There's an older help file on editing DVDR files once "ripped to a PC" (some new words already!). However, THIS thread is for options other than a VCR/DVDR for RECORDING video files in the first place. Even so, new recommendations for post-record editing tools, other than a VCR/DVDR, are also appropriate and welcome. After all, VCR/DVDR users need to get used to ALL aspects of their new world of recording... including the new language they'll need to learn.
All posts here will be of value and should be read, but I'll add annotated links below to posts that are "points of light," i.e., ones that include the most info in a single post and followup discussion. The annotation will describe the basic elements so newbies can go there directly if it sounds like something of interest. Please make suggestions for posts YOU think should be highlighted.
I hope the following links will be important to PC-newbies in finding viable options to VCRs and DVDRs especially as this thread gets longer!
Jump to "points of light":
- HDTV Recorders - AVS threads on high-def (HD) DVRs (no on-board DVD burner), some of which are still available.
- Home-Theater PC (HTPC) Forums - AVS forums on home theater PC's.
- Building your own HTPC.
- List of Available DVD Production Tools for PCs.
- DVD File Structure & Terminology (scroll down to 2nd red line).
- Dare2be-1 - List of basic uses YOUR post-DVDR option should have and features to accomplish them?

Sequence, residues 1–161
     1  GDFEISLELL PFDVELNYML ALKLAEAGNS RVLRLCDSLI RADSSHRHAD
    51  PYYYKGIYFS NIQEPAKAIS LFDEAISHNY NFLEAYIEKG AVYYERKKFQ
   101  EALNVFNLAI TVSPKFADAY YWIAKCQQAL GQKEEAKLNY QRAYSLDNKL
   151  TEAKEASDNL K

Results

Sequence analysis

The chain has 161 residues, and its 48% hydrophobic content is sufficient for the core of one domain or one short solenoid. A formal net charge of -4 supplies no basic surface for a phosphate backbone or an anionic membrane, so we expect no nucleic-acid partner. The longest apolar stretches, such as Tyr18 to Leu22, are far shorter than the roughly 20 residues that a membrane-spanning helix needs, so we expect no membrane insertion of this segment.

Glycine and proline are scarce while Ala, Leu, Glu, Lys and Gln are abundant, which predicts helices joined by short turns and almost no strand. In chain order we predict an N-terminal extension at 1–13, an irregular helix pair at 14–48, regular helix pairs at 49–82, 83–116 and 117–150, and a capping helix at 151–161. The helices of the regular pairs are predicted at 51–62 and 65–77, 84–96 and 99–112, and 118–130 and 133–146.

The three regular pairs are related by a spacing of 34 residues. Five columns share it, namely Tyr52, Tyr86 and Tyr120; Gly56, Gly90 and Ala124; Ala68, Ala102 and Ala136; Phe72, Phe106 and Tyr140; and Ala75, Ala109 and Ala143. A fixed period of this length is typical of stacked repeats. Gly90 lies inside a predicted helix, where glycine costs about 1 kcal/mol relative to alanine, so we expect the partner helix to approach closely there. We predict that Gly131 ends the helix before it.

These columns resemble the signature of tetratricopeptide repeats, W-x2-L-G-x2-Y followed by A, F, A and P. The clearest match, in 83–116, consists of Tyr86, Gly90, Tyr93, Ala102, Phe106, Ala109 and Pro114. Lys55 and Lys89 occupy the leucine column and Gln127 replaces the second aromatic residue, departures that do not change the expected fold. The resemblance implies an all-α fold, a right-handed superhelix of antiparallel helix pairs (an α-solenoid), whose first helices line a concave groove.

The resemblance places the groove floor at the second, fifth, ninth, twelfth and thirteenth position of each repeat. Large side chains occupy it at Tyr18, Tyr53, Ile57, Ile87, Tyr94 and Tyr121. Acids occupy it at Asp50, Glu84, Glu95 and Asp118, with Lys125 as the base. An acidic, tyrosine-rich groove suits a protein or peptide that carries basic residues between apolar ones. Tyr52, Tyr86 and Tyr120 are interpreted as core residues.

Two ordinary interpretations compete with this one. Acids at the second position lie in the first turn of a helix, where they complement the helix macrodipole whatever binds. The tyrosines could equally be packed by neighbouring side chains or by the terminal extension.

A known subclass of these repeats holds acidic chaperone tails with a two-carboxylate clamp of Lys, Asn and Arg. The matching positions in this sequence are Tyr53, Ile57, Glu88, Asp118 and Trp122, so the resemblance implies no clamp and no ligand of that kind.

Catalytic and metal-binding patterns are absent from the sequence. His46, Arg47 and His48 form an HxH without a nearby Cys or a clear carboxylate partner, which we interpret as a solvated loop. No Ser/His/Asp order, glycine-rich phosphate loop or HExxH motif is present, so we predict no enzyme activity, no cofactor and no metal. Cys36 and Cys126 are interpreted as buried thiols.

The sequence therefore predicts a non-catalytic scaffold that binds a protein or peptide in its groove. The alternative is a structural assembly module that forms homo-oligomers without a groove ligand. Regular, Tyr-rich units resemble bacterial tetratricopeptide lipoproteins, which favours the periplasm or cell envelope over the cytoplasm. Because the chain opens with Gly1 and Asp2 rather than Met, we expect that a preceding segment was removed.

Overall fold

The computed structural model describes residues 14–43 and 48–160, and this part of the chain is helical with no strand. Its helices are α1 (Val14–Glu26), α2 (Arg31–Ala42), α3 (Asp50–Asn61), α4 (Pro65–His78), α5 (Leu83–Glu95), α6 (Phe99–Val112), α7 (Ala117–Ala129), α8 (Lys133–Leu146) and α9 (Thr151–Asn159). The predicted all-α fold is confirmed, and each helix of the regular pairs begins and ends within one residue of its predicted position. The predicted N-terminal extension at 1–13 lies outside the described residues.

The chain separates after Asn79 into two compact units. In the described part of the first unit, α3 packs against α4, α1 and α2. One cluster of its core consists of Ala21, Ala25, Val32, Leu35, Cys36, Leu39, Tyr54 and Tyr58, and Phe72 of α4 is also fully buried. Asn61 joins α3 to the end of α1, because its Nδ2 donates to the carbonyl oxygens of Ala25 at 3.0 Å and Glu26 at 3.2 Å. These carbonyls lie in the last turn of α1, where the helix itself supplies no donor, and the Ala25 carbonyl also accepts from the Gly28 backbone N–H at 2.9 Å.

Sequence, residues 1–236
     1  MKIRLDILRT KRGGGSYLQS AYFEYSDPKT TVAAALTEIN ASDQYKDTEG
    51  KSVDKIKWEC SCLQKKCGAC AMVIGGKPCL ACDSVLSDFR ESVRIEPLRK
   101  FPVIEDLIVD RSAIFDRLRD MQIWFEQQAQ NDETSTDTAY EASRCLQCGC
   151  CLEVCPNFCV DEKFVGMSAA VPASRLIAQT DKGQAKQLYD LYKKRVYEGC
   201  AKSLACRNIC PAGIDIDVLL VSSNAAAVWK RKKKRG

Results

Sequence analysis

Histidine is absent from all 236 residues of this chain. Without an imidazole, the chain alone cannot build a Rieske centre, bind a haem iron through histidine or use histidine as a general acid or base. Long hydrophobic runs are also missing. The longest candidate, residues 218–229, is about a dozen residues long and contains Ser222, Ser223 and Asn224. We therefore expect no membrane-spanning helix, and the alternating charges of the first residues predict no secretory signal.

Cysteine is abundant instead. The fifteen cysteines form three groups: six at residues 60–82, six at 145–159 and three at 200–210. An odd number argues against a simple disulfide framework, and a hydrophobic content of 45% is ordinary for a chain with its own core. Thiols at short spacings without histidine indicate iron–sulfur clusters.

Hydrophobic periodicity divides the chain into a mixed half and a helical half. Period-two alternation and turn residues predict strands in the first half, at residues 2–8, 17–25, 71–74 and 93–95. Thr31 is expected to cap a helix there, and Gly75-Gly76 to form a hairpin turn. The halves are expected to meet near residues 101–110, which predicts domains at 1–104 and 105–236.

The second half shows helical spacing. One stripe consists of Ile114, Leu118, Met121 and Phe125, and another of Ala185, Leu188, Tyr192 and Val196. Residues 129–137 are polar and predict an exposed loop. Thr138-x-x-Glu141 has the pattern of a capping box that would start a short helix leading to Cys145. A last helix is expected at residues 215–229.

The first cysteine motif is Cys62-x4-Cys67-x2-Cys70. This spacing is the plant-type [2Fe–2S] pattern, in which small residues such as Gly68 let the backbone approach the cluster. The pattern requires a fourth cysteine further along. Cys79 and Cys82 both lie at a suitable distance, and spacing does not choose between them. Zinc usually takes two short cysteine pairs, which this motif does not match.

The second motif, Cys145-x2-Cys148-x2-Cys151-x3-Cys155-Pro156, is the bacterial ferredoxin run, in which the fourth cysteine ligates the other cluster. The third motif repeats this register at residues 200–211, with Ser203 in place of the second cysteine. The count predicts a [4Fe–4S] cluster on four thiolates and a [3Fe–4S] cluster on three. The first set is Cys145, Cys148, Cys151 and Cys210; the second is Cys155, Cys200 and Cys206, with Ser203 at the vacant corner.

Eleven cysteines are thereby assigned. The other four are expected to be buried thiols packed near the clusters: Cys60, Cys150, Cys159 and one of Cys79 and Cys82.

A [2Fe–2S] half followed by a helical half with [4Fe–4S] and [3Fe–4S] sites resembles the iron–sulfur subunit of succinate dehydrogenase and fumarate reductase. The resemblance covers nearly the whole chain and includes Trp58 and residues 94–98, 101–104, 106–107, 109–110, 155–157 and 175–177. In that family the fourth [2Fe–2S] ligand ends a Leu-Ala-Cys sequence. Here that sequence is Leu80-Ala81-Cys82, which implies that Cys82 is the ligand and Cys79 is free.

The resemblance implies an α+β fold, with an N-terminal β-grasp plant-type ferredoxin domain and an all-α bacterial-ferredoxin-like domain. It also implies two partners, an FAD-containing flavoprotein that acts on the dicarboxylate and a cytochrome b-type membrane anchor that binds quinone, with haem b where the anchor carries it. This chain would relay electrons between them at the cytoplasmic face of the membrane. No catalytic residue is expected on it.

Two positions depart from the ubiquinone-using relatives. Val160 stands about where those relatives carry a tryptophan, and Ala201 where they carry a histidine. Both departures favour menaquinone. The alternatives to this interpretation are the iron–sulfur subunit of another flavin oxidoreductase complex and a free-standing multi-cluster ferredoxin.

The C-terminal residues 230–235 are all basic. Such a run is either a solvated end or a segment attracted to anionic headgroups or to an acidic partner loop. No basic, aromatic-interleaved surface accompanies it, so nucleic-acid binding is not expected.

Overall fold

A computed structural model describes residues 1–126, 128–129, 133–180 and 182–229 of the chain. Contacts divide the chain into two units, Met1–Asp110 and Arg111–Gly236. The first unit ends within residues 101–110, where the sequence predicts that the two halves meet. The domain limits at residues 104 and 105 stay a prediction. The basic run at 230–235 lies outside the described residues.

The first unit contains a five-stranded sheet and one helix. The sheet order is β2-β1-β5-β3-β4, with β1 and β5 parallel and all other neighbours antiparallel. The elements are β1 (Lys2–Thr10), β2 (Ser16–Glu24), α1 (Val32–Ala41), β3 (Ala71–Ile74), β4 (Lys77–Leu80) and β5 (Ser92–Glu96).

Dare2be-2 - Chart comparing features of 5 PC and standalone products worthy of consideration.
- Dartman - Complete description of PC system for cable TV, HDHomeRun Prime with 3 cable card tuners, Windows Media Center (WMC), HD VideReDo for editing, etc. HDHomeRun for OTA with 2 tuners also available.
- Plplplpl - Old HP Pavilion Elite with WMC, 10.750TB of HDDs, Bluray burner and lots more.
- Hauppauge 1212 HD-PVR - $189-220 external box for recording from cable or set-top box (STB) to a computer. Discussion starts here. One user starts his Review with some good info: "It takes component video from any HD cable or satellite box, digitizes and compresses it to an h.264 transport stream and sends it via USB2.0 to a computer." And, later, this: "If you're sick of your cable company's crappy DVR and of paying for the privilege of using it, or of paying for redundant guide data (Tivo), or have an existing PC-based PVR box and your cable company just went "all digital" and took away all the analog channels you used to record freely (and even encrypted them on QAM even though they're not even HD), then the HDPVR is a must-have. Just get a standard, non-PVR HD cable or satellite box, mate it with this and enjoy!"